Thursday, October 15, 2009

The Explosions In Space Rule: or How To Decide Who To Play RPG's With

Sometimes, I'm told, people play games and don't like them. At least half the time, if you listen to what people say, the problems they have are not really the fault of the game, but of the people they play the game with.

So, how do you figure out who to play a game with?

The general rule is: play with people who aren't dickheads. I don't know whether Wil Wheaton or Noisms said it first.

However, the only time the Dick Head Theory may be inadequate is when dealing with teenagers. These are people who may be actually good and interesting people who would enjoy playing but may yet simultaneously not have the perspicacity to remember to deal with the rules in such a way as to always be attempting to distribute maximum fun.

To teenagers and other immature people, I propose the "Explosions in Space Rule" which goes like this, and which should be printed at the beginning of every game, under the heading "The Explosion In Space Rule":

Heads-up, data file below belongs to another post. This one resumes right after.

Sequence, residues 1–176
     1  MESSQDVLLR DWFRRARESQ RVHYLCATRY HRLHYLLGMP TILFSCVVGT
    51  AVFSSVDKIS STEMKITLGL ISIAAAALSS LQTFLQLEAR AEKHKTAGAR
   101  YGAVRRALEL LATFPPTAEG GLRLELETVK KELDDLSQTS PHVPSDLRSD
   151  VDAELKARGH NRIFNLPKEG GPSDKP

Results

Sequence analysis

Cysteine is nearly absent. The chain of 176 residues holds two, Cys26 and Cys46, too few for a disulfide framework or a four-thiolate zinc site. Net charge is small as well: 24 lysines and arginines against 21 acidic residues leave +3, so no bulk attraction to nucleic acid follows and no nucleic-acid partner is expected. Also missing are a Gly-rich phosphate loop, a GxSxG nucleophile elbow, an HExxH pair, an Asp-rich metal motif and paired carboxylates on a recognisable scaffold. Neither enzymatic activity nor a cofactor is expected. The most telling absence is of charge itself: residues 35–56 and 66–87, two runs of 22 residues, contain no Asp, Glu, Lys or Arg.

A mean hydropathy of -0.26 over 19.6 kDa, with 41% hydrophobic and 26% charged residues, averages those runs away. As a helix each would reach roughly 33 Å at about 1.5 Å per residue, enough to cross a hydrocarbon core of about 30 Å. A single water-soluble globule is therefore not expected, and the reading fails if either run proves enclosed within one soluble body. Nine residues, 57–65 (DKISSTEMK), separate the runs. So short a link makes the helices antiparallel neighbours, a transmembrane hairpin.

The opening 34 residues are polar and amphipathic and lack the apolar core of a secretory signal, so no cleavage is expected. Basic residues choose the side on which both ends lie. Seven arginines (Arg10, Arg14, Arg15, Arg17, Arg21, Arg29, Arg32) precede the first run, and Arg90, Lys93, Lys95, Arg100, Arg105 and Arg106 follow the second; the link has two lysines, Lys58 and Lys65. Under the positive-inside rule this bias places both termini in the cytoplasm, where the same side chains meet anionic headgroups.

"Are there explosions in space in this game--like in Star Wars? Or not--like in real life? We, the game designers have left this entirely up to you.

"Before each gaming session, you must get together with your players and decide, as a group, whether--should such a contingency come up--there will or will not be explosions in space.

"We do not care what you decide, or how you decide--by silent ballot, by GM fiat, by best-of-3-Super-Mario-Kart Tournament, whatever. What's important is that you decide and decide conclusively.

"If you cannot all agree, or if this conversation goes on for longer than 20 minutes, DO NOT GAME WITH THOSE PEOPLE."


  1. That's pretty clever, really. It may replace my "Do you care what the mechanical difference is between a Glock and Mauser?"

  2. That's a nice one! Really, in nearly 20 years of RPG activity I never thought about such a nice trick! Thx and kind regards!

  3. Wow, if I ever get off my ass and finish the RPG I'm writing that'll be, word for word, the beginning of the introduction to it.